Some wag has, thoughtfully, emailed this clip from a council meeting in Charlotte, North Carolina. I’m not entirely sure what point he or she was hoping to make, but I thought I’d share it with you. Delicate readers may wish to brace themselves as the clip shows “local lunatic David Thompson” becoming increasingly, um, agitated about such pressing matters as missing ice, rogue helicopter pilots and the inexplicable shaking of his house. If King of the Hill’s Dale Gribble were real - and had a serious stimulant habit - he might sound something like this. And, if you listen very carefully, you can hear the words “Oh no.” Let this be a stern warning to us all.
Brain medicine required. Please give generously.
The first Strange Attractions post seems to have amused. I’m guessing it was the wrestling foetuses that caught the eye. Nothing so lurid today, alas, but my attempt to convey the appeal of comic books continues. When Dave McKean’s graphic novel, Cages, first appeared, I wrote: “At 500 oversized pages and with a £50 price tag, Cages is a large and formidably expensive book; but one worth every inch and almost every penny.” Thankfully, the book is now available via Page 45 in its original, more affordable, US edition. Cages was McKean’s first major solo project and arguably remains his most ambitious. The overwrought prologue is probably best avoided, but the book has plenty of wonderful scenes – the alarmingly frail and wheezing removal man who slowly crumples out of sight beneath an enormous packing crate; and a butter-fingered mute who communicates with captioned cards until a hole in his pocket leads to a farce of malapropism and dislocated grammar. But I thought I’d share a more abstract moment, when, after 150 duotone pages, McKean deploys the first rush of colour.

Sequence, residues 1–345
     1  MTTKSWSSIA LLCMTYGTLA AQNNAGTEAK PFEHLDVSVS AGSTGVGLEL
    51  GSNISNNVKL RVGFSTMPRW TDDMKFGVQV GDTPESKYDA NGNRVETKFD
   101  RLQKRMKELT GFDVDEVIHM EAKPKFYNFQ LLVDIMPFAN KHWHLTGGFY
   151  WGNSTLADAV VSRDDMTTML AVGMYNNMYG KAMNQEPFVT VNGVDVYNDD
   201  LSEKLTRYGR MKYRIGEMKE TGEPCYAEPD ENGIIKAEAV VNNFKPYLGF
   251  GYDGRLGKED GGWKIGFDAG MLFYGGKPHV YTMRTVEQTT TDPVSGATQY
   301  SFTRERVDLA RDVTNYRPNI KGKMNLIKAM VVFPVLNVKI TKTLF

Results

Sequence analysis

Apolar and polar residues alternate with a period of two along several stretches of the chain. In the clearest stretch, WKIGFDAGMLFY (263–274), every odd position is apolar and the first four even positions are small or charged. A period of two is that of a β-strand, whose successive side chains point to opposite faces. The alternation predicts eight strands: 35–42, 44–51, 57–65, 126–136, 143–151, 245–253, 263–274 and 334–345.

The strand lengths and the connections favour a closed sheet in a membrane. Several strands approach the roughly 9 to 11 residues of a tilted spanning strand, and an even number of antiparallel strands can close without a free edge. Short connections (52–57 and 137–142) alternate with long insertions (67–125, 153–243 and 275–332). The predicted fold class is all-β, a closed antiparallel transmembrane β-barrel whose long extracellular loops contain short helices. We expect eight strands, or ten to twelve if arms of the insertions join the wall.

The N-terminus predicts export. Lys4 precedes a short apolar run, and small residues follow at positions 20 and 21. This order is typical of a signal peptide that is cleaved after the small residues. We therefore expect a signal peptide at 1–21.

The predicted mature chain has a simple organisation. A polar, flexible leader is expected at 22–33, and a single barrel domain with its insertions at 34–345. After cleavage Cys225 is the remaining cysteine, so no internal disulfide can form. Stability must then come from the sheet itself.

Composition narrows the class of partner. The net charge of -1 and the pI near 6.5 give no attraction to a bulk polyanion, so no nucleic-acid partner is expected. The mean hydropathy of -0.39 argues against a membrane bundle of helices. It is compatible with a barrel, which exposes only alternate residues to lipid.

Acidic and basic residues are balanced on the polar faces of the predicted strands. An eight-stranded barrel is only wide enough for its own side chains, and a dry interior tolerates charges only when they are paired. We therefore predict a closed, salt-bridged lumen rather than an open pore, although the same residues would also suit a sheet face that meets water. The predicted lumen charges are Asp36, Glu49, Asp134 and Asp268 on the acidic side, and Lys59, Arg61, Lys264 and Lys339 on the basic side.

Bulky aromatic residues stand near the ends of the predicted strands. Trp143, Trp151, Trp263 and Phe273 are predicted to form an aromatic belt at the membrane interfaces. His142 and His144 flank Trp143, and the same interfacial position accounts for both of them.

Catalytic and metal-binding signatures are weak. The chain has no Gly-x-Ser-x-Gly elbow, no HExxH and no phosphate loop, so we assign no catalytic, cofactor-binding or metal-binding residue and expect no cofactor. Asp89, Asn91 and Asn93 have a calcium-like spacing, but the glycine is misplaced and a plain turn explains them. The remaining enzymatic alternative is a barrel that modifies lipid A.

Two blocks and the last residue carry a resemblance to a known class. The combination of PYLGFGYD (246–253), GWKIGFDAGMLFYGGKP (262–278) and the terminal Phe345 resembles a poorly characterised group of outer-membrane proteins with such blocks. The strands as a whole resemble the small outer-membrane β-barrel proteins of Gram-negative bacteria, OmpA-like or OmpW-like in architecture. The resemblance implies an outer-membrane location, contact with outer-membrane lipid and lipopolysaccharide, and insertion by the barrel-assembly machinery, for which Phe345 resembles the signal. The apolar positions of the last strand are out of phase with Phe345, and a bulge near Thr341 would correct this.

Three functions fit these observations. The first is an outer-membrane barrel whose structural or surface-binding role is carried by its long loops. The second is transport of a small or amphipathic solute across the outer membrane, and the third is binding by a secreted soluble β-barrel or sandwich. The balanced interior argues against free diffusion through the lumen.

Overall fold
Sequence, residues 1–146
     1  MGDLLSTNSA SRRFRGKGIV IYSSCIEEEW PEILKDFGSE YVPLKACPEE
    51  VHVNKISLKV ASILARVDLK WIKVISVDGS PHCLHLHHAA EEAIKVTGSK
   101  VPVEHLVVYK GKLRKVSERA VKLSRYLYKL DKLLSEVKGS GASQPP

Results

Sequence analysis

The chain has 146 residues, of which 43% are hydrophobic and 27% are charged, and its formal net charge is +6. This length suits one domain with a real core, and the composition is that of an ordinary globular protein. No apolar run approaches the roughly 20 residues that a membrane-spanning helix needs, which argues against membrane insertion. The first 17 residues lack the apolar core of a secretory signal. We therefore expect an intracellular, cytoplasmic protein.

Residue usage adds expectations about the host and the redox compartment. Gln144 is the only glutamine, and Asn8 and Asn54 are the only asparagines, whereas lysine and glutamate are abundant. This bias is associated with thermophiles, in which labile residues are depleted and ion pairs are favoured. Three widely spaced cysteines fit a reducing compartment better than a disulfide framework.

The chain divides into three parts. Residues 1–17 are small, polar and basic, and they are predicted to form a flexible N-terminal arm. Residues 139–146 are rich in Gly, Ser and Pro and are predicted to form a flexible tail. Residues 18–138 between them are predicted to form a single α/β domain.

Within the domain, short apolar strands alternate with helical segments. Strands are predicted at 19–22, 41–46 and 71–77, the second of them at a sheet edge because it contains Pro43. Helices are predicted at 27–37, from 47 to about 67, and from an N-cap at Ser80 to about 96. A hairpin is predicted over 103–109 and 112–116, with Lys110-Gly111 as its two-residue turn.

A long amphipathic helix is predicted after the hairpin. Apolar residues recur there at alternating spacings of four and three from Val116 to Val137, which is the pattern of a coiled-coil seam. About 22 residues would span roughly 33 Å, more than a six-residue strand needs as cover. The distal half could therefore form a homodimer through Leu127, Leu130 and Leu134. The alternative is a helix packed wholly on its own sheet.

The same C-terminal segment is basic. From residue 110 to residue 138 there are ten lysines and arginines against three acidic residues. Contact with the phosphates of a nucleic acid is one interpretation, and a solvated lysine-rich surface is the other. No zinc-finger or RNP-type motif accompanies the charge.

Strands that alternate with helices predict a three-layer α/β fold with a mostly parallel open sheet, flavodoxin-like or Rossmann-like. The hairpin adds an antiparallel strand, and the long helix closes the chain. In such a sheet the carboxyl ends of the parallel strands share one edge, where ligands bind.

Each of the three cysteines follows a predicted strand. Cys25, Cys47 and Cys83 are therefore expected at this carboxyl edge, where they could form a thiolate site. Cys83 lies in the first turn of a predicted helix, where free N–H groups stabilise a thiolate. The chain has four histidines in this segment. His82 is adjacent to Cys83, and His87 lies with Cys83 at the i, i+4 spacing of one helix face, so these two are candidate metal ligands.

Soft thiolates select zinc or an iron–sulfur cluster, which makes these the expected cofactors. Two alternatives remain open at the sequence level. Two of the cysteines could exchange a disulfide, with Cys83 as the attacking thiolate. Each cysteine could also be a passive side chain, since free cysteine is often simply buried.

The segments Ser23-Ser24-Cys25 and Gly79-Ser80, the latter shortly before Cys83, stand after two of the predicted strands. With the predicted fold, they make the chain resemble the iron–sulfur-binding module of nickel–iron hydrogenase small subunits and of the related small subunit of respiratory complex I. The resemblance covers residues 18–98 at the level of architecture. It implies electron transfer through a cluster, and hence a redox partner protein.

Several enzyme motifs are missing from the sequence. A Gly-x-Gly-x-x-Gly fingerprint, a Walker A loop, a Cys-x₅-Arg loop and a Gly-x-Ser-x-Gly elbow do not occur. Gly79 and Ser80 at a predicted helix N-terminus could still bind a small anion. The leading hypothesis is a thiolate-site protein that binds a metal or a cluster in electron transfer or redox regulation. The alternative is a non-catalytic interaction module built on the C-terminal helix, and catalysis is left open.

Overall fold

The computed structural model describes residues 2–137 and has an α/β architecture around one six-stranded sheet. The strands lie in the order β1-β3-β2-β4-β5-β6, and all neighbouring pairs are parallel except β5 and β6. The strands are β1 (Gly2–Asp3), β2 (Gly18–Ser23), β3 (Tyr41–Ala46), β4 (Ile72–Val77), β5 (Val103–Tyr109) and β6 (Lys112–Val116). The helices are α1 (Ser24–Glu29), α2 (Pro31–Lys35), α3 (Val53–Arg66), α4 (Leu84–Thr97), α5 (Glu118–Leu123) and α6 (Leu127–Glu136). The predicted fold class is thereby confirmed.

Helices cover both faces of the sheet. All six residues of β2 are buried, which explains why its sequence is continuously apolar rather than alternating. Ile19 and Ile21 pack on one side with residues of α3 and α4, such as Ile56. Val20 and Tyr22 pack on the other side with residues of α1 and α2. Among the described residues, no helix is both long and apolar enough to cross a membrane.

More McKean here.
Now here's a question. At what point does grunting, blood-spattered hyper-masculinity become totally homoerotic? Somewhere around 300, methinks.
And if you think the above must be a cruel travesty of Frank Miller’s rather striking graphic novel, well, think again. Update: Via the comments, readers are welcome to suggest other films in which over-revved masculinity has veered unintentionally into homoerotica or teetered on the brink of camp.
Further to Friday’s post, It’s Okay to Dislike Islam, I received a number of emails arguing – well, asserting – that it’s “wrong to mock other people’s beliefs,” especially when those beliefs are “deeply held.” The “deeply held” schtick crops up quite a lot in discussions of this kind, generally to imply that depth of conviction, or adamance, or sheer bloody-mindedness, is somehow an intrinsically admirable quality, irrespective of what it is that’s being “deeply held.” Or indeed why.
“The freedom to believe whatever one wishes on matters of cosmic import… does not imply any special immunity from dissent or ridicule. The dignity of a person – even an imam, rabbi or archbishop - depends in very large part on the kind of thing that comes out of his mouth, and on the intellectual dishonesties he may perform in order to get his own way.”